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Discussion in 'Lawn Mowing' started by MDLawn, Dec 3, 2012.
Darryl, great response. Especially your last point.
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Also why is it ripping off, tricking, or taking advantage of people when you have a business plan you are trying to follow?? Also customers are very important, they are the life of your business. Doesn't mean they tell you how to run your business or know everything because they read a book or talked to thier awesome neighbor. If they have issues you talk to them about it. If they try and dictate how you service they don't care about service.
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I don't think there's any misunderstanding. You stated that you consider yourself to be an employee of your customers, and after all your name here is Yardguy. I consider myself to be a contractor.
I'm not saying I don't let my customers have any input, but my goal is to do what's best for my business and the customer's lawn. I'm not going to cut their lawn at 2.5 inches if I know it's the wrong thing to do, I'm not going to cut it bi-weekly if it needs cutting weekly and I'm not going to go out of my way to cut their lawn on a day that they're not on my route.
Once you start negotiating price, letting the customer dictate the frequency of cutting and/or cutting height, you are letting them control you and your business, and in my opinion that is a dangerous precedent to set. Once they know they can get the upper hand on you they will continue to do so.
I've only got one customer (and he's a good customer) that gets his grass scalped, the only reason I do it is because he's 87 and his wife of 50 years recently passed away so I figure he can get a pass on MY WAY.
But the problem is most on here view that as not listening to the customer blah, blah, blah.... Most also cannot take "No" for an answer when it comes to price or other related issues. So the pressure of "No" and the fear of not being accepted causes them to do irrational things like drop service prices, cut on days that don't fit the schedule, or do more and more free and discounted things until its too late and the hole they have created is too big to crawl out of.
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well there are no negotiations on price ever for anyway or anything.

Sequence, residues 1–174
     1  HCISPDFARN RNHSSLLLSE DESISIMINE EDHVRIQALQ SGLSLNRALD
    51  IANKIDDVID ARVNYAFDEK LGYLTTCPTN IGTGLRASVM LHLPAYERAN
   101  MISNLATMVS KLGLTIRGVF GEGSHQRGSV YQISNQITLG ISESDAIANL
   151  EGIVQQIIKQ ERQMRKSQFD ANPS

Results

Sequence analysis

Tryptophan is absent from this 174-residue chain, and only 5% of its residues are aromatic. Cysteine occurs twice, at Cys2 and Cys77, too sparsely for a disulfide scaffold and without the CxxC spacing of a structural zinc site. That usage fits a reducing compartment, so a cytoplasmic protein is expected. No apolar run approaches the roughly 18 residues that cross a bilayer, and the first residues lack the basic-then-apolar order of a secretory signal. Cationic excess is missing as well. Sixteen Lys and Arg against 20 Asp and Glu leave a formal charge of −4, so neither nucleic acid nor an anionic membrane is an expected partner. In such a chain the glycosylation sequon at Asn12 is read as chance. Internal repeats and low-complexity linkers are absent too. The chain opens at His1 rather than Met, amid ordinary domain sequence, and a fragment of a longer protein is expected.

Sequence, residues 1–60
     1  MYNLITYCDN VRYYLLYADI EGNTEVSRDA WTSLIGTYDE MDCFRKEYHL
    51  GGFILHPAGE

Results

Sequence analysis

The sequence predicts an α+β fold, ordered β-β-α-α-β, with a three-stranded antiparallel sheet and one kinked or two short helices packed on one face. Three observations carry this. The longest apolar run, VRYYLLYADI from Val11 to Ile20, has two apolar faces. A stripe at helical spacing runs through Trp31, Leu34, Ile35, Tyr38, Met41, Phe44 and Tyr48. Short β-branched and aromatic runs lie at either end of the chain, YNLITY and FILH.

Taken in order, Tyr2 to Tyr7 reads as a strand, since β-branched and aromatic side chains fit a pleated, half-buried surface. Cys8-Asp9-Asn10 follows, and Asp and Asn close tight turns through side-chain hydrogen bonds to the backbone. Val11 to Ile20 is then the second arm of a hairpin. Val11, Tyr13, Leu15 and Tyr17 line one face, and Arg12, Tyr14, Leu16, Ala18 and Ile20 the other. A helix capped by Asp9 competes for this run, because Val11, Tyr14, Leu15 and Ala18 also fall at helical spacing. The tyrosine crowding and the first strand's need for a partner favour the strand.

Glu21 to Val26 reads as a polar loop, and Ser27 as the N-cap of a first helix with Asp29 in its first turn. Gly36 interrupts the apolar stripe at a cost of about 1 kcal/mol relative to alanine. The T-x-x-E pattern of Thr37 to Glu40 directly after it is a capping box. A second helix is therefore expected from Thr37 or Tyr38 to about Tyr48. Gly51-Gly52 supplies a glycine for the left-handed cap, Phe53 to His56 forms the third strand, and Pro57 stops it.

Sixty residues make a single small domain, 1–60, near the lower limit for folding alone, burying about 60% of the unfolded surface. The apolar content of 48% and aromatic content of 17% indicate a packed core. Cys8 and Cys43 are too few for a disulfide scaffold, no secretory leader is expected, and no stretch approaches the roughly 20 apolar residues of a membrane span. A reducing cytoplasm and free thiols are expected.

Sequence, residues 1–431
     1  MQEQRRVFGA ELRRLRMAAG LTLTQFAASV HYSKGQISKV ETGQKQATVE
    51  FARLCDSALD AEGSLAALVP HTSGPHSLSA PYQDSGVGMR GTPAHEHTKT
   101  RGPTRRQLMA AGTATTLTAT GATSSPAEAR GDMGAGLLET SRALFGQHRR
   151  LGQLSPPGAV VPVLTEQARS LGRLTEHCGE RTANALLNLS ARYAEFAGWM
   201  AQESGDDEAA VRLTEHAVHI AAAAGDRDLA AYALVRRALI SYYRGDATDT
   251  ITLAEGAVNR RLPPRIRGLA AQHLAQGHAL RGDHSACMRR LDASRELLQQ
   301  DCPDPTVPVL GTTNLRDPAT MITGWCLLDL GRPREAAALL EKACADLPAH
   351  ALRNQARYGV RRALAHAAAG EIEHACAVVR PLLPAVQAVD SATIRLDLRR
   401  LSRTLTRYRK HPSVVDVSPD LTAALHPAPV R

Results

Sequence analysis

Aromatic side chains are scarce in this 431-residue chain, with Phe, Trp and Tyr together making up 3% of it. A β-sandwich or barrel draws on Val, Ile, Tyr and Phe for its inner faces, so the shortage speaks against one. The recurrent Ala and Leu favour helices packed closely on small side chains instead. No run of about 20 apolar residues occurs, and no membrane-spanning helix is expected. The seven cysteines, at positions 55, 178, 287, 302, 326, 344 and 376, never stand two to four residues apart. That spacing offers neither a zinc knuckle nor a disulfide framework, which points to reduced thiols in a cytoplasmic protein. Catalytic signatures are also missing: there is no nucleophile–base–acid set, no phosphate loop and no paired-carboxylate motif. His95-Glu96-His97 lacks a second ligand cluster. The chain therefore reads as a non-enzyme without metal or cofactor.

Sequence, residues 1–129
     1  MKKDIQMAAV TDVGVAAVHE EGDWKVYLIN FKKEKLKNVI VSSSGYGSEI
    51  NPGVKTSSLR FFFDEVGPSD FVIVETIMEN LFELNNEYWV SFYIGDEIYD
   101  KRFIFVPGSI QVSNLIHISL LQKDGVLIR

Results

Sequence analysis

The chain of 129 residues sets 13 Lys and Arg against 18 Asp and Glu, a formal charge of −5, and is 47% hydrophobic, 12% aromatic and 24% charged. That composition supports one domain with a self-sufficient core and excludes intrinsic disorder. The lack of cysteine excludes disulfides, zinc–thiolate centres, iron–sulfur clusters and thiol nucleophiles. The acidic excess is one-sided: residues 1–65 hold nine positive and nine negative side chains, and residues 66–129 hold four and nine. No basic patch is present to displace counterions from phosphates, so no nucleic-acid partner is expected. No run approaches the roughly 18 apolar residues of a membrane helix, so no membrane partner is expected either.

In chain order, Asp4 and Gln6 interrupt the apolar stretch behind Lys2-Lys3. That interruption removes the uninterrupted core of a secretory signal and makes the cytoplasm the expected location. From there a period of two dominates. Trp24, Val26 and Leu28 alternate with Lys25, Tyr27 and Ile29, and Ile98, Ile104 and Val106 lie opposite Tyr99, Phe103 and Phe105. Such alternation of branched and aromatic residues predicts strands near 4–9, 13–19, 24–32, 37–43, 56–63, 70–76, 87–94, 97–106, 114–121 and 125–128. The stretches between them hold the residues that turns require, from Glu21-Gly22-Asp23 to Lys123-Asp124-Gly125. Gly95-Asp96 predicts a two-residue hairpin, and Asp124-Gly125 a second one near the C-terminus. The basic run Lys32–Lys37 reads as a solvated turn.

but if someone calls up and wants an estimate for bi weekly service, i give it to them. if they ask me what height i cut at i inform them and if the want a different height i inform of what the results could be and that i can't be responsible for those results and if they still insist, as long as there paying what i want, i'll go to it.
if you wanna call that letting the client run my business fine, no skin off my nose.
the way i see it, i don't profile my clients. some of you guys do and thats fine. i don't only take on certain clients. i will take on whoever will pay the price i give. from the guys who just want there grass knocked down as short as it can on a regular basis to the one's who want a perfectly manicured lawn.
i think there IS a misunderstanding. you have set in your head you are gonna do things THIS way and no one is going to get you to do them any differently. if they try you tell them no.
i'm not that way. if someone, mainly the client who is the one paying me wants something done that happens to be different than what i normal do, i don't just say no i'm not doing it that way. i work with them and try to honor what they want.
can i put my input once though or will you tell me no? how about you run your business your way and i'll run my business my way, since it seems to be working for both of us.
Yardguy, certainly we can all run our businesses our own way. After all no one can force you to do anything you don't want to do; but I subscribe and participate in the website so that I can learn from others and maybe do something a little (or a lot) better than I used to - otherwise I've got better things to do than just write messages about how I do things and no listening to other points of view. What I hear in your postings is that you have made up your mind to do it your way and not open to fresh perspectives. http://www.lawnsite.com/images/smilies/dizzy.gif I regularly learn things here, even though I've been in the service industry for over 30 years, the last 7 in the landscaping business. You are never to old to learn a new trick or two, or so knowledgeable that someone can't give you a new idea.
To me the key statement Yardman made is that he doesn't care if his customers respect him. The whole relationship will go smoother if the customer respects you. In my opinion, it is important to gain the customer's respect and establish yourself as the expert so that they will relinquish control of their lawn care to you.
You are right. Respect = professionalism. It doesn't mean they like you. There are many people I respect but don't necessarily like. Respect also = maximum $. If someone does not respect me or my work they will not pay me what I'm worth. I don't know how many times I've advised the client that what they are looking for is the college or high school kid down the street who has a lawn mower and willing to do the job cheap.
Yup...I now refer them to college age son, lol.